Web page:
Since the 1950s, “Africanized” honeybees have spread north and south across the Americas until apparently coming to a halt in California and northern Argentina. Now genome sequencing of hundreds of bees from the northern and southern limits shows a gradual decline in African ancestry across hundreds of miles, rather than an abrupt shift.
“There’s a gradual transition at the same latitude in North and South America,” said Erin Calfee, graduate student in the Department of Evolution and Ecology at the University of California, Davis, and first author on the paper, published Oct. 19 in PLOS Genetics. “There’s a natural barrier that is likely maintained by many different genetic loci.”
That barrier is mostly likely climate. Bees with majority African ancestry are unable to survive colder winters.
European colonists brought European species of honeybees (Apis mellifera) with them to the Americas as early as the 1600s. In addition to apiaries, these bees established in the wild alongside native bees.
In 1957, imported African honeybees of the subspecies Apis mellifera scutellata swarmed out of experimental hives in Brazil and started to rapidly spread, interbreeding with the resident European bees. Native to southern and eastern Africa, scutellata bees are known for their defensive behavior. They also carry some useful traits for beekeepers, such as resistance to Varroa mites.
Calfee, working with Professor Graham Coop and Associate Professor Santiago Ramirez from the Department of Evolution and Ecology and collaborators in Argentina, sequenced the genomes of bees collected at the northern and southern edges of the scutellata expansion.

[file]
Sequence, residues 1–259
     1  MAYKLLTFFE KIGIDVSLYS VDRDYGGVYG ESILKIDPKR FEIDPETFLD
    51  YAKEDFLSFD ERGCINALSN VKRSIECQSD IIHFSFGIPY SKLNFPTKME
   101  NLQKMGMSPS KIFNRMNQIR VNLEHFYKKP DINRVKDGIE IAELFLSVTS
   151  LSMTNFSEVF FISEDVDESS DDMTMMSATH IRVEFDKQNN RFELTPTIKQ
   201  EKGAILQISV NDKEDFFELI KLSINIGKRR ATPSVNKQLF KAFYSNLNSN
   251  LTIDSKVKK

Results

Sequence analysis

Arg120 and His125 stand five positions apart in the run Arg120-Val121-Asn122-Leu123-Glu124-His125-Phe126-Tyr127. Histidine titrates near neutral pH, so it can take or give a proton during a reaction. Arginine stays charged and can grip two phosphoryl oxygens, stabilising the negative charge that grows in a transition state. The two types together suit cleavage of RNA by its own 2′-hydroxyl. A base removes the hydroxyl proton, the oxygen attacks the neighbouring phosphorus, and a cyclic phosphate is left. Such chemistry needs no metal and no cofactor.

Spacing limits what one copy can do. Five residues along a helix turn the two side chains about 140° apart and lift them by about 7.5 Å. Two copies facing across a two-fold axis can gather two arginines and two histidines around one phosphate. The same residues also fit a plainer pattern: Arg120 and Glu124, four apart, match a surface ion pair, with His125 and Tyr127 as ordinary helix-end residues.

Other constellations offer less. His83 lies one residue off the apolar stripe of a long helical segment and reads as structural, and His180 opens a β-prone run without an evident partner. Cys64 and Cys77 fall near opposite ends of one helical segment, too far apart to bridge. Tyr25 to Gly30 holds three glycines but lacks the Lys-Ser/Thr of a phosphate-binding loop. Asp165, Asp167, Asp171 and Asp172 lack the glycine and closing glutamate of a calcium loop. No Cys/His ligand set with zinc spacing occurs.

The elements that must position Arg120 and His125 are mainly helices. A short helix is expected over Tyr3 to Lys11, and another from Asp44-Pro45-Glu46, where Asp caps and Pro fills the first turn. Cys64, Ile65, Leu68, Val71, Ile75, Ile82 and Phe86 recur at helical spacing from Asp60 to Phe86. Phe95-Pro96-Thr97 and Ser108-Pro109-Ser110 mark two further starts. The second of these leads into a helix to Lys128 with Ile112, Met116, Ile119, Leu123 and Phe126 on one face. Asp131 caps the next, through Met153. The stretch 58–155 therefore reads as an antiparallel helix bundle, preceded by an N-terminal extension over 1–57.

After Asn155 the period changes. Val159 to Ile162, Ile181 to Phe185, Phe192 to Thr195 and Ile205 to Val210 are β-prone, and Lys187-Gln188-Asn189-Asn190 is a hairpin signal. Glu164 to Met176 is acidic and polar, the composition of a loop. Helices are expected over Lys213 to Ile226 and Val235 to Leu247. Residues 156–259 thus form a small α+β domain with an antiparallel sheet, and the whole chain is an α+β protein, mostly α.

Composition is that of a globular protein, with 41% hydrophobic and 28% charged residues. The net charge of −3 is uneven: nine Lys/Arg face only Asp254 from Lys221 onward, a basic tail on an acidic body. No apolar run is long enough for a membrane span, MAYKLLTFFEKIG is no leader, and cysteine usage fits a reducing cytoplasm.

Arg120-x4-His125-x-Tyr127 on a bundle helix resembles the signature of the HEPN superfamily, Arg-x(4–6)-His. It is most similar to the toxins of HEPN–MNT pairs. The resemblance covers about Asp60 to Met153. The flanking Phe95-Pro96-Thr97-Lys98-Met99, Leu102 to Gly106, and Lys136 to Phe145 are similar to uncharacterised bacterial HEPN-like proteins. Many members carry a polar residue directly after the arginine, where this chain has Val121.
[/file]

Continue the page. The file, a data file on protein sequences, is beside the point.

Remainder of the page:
They found that the bees at the northern and southern edges of the range have a highly variable mix of scutellata and European bee ancestry. The higher the latitude, the less scutellata ancestry is in the mix.
“The whole genome is tracking latitude and climate,” Calfee said. There are likely many genes involved in climate sensitivity and winter survival, she said. But Calfee also finds that in some parts of the genome scutellata ancestry has spread far beyond these climate limits in both North and South America, evidence that some scutellata genes are advantageous and not tied to climate sensitivity. In contrast, the researchers did not find any evidence for selection for European ancestry in the spread of scutellata bees.
The findings challenge the idea of a binary difference between “Africanized” and “European” honeybees, Ramirez said. In fact, all of these introduced honeybees are hybrids to some degree.
Diversity a resource for breeding bees
The results of the study could be of interest for breeding bees for desirable traits, such as resistance to pathogens. Although the researchers looked only at gene sequences and not the resulting phenotypes (except for one, wing length), the results do show which genetic loci are important because they are under selection in the hybrid zones.
Scutellata bees and hybrids have a lot more genetic diversity than European bees, and the researchers found that they lost very little of this diversity in their expansion from Brazil to California.
“Beekeepers can potentially draw from this genetic variation to breed for desirable traits,” Ramirez said. What started out as an invasion may become part of the solution to declining bee health.
“It makes sense but it’s kind of surprising because we have 1.5 million (honeybee) colonies being brought into California every spring to pollinate crops,” Ramirez said. Those domesticated bees are then trucked around the country, but they do not appear to have a large effect on the spread of African ancestry into feral honeybee populations.
Additional authors on the paper are Marcelo Nicolás Agra and María Alejandra Palacio at the Instituto Nacional de Tecnología Agropecuaria (INTA), Balcarce, Argentina. The work was partly supported by grants from the NIH, NSF and the North American Pollinator Protection Campaign and Pollinator Partnership.